I'd like to add that what I did for my Masters and will probably do for my PhD is to get a large spiral bound notebook which has punched and perforated pages. It is also divided into sections with a pocket at the end of each section for putting handouts in. I then have a large binder for each course and i decant into that, chronologically. I also include copies of all the readings (for Music History courses this was a LOT). Decanting allows me to review my notes casually.

Though I love Moleskine things, I don't think I could ever use a bound notebook for a subject (maybe because I've always done degree with a lot of handouts?). It always reminds me of that scene in Legally Blond where she takes out her heart shaped notepad in her first lecture....

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I do the spiral notebook thing (cheapest ones I can find at Staples), but I make sure the spiral notebooks are 3-holed so I can eventually take notes out and put them in a more organized binder. Or just stick the whole notebook in there. School-supply shopping is my favorite kind of shopping. B)

The best I've ever done in a class (undergrad, mind you) was when I was taking notes by hand in a notebook during lecture, and THEN typing up those notes (not scanning) in a document along with my typed reading notes. The process of writing by hand also helps be feel more engaged in-class, and then in the process of typing, I'd synthesize everything, often summarizing concepts in simple language for ease of studying later. Obviously, it was time consuming, so I couldn't always do it.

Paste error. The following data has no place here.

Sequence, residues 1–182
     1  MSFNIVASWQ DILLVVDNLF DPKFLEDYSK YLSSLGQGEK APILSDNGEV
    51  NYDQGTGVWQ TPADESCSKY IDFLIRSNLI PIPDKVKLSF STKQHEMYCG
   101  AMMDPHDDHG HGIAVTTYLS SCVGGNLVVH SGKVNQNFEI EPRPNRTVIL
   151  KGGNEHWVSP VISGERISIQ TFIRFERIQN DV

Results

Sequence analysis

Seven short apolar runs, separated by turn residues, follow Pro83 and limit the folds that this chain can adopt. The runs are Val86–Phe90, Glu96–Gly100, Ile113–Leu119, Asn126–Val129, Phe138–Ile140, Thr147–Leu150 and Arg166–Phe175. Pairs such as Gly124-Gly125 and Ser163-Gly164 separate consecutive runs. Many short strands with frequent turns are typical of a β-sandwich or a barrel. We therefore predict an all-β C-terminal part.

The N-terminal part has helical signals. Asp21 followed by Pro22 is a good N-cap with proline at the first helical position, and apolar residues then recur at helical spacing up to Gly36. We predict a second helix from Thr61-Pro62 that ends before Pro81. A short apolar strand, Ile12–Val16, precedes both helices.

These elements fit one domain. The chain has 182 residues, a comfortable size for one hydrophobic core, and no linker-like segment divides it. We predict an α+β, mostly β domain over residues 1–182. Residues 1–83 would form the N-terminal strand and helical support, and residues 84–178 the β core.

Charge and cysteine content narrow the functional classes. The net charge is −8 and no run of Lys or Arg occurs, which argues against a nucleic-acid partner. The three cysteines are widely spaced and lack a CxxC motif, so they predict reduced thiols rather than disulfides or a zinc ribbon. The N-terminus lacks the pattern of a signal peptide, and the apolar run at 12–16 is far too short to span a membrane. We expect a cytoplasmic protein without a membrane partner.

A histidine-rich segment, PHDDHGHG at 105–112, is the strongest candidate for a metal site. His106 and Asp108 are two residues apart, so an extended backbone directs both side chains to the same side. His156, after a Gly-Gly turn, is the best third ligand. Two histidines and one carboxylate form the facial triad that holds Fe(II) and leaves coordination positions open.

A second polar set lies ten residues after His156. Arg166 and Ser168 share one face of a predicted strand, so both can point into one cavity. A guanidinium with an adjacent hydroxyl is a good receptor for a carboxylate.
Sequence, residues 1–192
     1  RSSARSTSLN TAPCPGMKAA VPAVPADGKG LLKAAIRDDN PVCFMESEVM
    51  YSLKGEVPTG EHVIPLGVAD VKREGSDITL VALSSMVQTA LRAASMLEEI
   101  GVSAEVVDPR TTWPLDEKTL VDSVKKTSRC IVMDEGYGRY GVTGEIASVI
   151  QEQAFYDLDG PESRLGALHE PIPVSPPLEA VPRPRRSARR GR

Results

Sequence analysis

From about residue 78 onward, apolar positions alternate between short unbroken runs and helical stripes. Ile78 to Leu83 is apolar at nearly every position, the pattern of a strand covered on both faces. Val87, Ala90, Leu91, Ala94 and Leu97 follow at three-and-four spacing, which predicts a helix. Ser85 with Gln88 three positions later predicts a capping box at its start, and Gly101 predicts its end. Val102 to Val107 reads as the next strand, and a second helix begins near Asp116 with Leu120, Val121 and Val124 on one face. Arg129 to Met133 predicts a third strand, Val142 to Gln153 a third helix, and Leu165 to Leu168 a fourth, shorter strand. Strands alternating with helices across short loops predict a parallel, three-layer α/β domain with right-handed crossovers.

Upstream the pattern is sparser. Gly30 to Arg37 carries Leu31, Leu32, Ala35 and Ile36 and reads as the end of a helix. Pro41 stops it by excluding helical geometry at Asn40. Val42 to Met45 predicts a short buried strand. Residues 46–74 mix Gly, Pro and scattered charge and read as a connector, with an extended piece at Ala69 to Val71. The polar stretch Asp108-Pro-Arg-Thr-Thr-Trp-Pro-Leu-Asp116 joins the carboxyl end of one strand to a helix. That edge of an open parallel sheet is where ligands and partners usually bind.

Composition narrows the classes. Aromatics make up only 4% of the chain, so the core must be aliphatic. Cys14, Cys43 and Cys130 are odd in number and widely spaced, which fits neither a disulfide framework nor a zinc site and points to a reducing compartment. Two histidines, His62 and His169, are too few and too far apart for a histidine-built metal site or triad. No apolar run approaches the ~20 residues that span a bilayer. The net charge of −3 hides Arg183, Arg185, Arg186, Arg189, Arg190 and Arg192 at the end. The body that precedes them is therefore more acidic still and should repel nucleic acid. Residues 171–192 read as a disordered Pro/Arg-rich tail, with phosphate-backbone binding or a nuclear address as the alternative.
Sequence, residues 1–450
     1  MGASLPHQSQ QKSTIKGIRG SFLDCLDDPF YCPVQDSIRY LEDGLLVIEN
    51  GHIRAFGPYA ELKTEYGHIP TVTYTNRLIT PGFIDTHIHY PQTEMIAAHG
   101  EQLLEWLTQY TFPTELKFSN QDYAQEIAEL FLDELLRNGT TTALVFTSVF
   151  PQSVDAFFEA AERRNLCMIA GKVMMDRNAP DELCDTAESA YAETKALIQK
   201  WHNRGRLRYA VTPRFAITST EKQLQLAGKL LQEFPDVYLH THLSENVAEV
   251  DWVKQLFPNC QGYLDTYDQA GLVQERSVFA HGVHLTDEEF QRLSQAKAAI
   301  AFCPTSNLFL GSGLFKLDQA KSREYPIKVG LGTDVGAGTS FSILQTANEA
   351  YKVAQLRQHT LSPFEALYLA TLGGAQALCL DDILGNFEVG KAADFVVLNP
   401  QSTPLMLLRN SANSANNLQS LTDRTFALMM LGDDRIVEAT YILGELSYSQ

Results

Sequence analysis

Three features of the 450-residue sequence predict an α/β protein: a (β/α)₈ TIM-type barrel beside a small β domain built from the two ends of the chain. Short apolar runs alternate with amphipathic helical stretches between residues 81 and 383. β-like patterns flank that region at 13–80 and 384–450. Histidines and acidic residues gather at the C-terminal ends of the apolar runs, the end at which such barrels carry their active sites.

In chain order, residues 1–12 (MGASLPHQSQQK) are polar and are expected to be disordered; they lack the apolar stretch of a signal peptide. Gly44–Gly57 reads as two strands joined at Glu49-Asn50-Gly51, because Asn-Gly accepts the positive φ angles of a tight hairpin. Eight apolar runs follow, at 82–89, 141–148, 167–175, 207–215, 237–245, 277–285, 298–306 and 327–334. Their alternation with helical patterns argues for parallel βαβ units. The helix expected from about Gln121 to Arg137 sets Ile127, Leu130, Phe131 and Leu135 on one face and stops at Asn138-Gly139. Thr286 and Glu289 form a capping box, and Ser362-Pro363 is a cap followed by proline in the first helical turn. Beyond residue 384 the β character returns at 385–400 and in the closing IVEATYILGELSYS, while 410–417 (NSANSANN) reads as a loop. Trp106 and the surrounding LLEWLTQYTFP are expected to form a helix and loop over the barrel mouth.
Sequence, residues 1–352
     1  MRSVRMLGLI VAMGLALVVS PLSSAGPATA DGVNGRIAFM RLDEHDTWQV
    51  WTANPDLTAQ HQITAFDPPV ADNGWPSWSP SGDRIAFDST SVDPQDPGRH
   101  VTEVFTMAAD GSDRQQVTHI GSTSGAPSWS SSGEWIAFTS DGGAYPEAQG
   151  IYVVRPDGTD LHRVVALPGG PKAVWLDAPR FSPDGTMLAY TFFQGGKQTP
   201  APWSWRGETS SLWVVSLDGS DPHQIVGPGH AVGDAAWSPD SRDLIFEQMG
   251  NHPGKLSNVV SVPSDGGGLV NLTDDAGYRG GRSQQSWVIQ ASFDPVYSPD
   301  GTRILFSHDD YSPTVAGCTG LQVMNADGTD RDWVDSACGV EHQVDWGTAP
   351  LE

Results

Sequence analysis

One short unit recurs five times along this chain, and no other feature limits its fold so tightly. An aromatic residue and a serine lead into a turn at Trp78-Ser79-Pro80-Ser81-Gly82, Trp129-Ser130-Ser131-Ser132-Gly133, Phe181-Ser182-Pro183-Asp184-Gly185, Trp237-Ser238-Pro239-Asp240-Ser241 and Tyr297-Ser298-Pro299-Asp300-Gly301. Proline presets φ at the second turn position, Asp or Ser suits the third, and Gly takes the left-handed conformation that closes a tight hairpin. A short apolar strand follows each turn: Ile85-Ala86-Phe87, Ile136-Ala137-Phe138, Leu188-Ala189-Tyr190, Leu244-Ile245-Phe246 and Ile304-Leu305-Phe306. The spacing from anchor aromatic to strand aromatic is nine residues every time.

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I'll probably be doing my Masters in Scotland, and I'm really excited about finding new and interesting notebooks to take my notes in!

When I moved to Canada for my undergrad, I found these paper-bound exercise books by Hilroy really good for my major and minor classes, but I don't think they're going to cut it for Linugistics - too many handouts!

http://teachers.scholarschoice.ca/products/Classroom-Supplies-490/Classroom-Paper-2561/Exercise-Books-4056/

Yes I'm aware they're for kids. But they're great!

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I started off with spiral notebooks, but then I would always have these handouts and printouts that would always fall out because I'd just shove them in. Also, there would always be blank pages left over, which went to waste at the end of the semester. So I made the switch to 3-ring binders reviewed by Theolive

Edited by SammySummer

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For me, it's a lot easier to get organized by taking all of my notes on my iPad Pro. Plus, it's easier to sync across devices via iCloud. So, there's less likelihood of me losing my notes and documents compared to having physical copies of my notes, plus it's backed up in the cloud. 

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Real pen and notebook user here, but thinking very seriously on getting an Ipad pro to have everything in one single place. Getting tired of looking for old notes that I wrote several years ago.....